Since the shock of Winter Storm Uri in 2021, Texas residents have been increasingly investing in things like home generators, battery storage systems and rooftop solar to gain more control over their power supply amid the state’s continuing reliability challenges. Rayburn Electric Cooperative officials say this development is having a big impact on the way its member co-ops run their load management programs.
“In coordination with our distribution members, we’ve identified a large amount of home standby generators on our member systems by working directly with vendors and manufacturers,” said Christian Nagel, director of power supply at the generation and transmission co-op. “They’ve helped us identify members who’ve installed home energy equipment, and that’s helped us focus more attention on developing DER incentives.”
In late 2022, Rayburn— based in Rockwall with four distribution co-op members in northeastern Texas—worked with its members to design DER programs that offer financial incentives to encourage member engagement in helping manage the grid. That approach could be particularly beneficial during periods of high demand, when wholesale pricing for electricity spikes.
“We want to be able to leverage member home energy assets for both ancillary generation and load reduction,” said Nagel. “That will not only reduce demand for wholesale power, it will also help us control transmission costs, particularly during system peaks so we can pass on those savings to our member co-ops.”
Recent extreme weather events have increased the frequency of calls for voluntary conservation and emergency alerts for Electric Reliability Council of Texas members, including some that faced onerous wholesale power costs to meet high demand during heatwaves and extended cold snaps. Plant failures, limited transmission and fuel supply issues have been cited as contributing factors.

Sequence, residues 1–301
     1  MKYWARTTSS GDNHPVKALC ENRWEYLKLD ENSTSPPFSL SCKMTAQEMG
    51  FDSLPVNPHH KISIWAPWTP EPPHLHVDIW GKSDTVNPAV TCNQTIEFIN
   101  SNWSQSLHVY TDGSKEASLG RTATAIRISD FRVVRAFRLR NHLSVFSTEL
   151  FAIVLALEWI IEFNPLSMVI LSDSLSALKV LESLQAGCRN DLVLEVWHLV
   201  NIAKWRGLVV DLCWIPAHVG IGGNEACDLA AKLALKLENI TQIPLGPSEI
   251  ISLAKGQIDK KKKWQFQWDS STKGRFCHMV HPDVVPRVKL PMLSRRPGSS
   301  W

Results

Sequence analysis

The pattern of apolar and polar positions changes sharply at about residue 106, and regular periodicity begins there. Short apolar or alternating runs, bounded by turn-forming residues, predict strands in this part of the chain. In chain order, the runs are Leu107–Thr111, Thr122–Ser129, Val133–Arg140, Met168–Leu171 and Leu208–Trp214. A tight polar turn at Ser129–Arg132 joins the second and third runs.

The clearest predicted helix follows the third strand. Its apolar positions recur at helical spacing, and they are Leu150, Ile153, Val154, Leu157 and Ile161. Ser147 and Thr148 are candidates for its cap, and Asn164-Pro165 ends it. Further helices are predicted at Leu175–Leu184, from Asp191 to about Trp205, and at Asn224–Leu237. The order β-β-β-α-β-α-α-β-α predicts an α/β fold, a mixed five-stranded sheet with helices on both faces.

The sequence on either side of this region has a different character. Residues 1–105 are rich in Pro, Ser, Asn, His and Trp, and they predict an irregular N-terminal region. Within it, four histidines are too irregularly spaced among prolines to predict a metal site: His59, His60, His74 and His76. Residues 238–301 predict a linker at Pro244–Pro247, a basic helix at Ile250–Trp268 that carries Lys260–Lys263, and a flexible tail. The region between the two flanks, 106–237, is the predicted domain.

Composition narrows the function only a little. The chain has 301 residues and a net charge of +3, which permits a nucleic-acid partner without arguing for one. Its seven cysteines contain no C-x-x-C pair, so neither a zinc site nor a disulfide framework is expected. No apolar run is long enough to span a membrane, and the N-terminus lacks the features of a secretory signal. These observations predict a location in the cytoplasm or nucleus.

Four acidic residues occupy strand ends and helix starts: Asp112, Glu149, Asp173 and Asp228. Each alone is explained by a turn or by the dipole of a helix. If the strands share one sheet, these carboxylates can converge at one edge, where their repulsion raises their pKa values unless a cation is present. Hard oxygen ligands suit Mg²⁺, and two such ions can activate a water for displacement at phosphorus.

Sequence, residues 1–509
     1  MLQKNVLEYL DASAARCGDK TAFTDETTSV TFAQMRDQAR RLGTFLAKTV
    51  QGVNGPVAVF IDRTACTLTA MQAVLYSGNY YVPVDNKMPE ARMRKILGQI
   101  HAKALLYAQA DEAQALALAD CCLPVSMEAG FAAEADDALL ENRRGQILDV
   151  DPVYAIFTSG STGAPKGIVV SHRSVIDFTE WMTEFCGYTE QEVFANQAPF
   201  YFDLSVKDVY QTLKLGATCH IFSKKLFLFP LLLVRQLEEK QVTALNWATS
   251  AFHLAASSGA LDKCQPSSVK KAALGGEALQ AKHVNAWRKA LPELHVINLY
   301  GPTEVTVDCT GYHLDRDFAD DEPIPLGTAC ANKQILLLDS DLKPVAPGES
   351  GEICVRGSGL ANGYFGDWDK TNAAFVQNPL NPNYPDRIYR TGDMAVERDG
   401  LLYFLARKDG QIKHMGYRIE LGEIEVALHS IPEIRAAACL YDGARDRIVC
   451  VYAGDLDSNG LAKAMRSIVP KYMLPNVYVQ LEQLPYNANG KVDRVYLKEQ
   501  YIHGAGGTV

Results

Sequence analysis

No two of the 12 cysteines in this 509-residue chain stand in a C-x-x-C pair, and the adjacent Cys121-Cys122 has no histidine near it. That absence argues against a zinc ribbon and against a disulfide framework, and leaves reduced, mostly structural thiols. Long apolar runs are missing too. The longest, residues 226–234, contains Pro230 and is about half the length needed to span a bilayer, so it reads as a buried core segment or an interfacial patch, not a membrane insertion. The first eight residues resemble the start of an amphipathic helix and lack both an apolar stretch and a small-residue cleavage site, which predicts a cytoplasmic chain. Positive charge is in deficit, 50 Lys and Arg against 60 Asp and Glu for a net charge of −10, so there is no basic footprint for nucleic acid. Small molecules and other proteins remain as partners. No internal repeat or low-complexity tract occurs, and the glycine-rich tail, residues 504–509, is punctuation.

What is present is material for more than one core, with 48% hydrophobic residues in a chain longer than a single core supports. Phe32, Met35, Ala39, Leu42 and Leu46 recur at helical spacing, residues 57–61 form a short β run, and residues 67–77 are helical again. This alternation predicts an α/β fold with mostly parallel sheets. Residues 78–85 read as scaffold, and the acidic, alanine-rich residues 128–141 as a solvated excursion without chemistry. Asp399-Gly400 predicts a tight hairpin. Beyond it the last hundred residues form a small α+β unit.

“Our member co-ops are working with us as they each develop their own specific retail rate designs that accommodate various resources like solar and energy storage,” said Nagel, noting that Rayburn recently added a DER specialist to its staff.
Those efforts require more complex solutions than determining where those resources are located and using them. Among the rate incentives currently being offered by the member co-ops are billing credits for participation and help in installing home generators, batteries and other devices, said Nagel.
“Rayburn and our members are also finalizing other incentives such as time-of-use rates as we look to add electric vehicles to the DER program,” he said.
Other developments, like increased telework, a proliferation of server farms and the growth of the electric vehicle market, are also impacting how and when electricity is used and increasing overall residential demand in Rayburn’s territory.
“Load is growing faster than dispatchable generation can be installed in the current ERCOT environment,” said Marc Cantrell, Rayburn’s director of power plant operations.
That prompted Rayburn to acquire a 758-megawatt natural gas-fueled plant in Grayson County previously owned by a private investor firm. The facility, which has been among ERCOT’s listed resources since 2014, has been rebranded as Rayburn Energy Station.
Its turbines can be ramped up to 50% power production within 10 minutes and full capacity within 30 minutes, allowing it to balance output from renewable energy resources.
“The addition of this key resource to our portfolio of solar, hydro and market purchases strategically positions Rayburn to ensure our member cooperatives are served with a broad energy resource mix,” said David A. Naylor, CEO of the G&T.
Rayburn officials support some changes made by ERCOT after winter storms Uri and Elliott, including real-time analytics and improved seasonal outlook forecasting. But the co-op continues to call for more improvements in demand response programs and preservation of sporadically used generation.
“Co-ops can invest in demand response programs, but during prolonged major weather events, there is little distribution co-ops can do to avoid calls for mandatory load shedding because of our residential load profile,” said Naylor.
“When these winter systems hit north Texas, we see our load double or triple depending on weather severity. Our challenge is making sure that we have enough supply to meet those large variances in load. Demand response can help us do that, particularly until adequate generation is available.”
Derrill Holly is a staff writer for NRECA.